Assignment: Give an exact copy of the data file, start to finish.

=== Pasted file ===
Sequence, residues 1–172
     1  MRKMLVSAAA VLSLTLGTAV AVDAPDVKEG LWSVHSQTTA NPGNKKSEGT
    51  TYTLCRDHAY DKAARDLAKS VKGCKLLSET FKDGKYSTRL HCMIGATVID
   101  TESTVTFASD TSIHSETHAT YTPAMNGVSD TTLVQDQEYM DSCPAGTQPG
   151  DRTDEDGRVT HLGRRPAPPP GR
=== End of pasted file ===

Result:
Sequence, residues 1–172
     1  MRKMLVSAAA VLSLTLGTAV AVDAPDVKEG LWSVHSQTTA NPGNKKSEGT
    51  TYTLCRDHAY DKAARDLAKS VKGCKLLSET FKDGKYSTRL HCMIGATVID
   101  TESTVTFASD TSIHSETHAT YTPAMNGVSD TTLVQDQEYM DSCPAGTQPG
   151  DRTDEDGRVT HLGRRPAPPP GR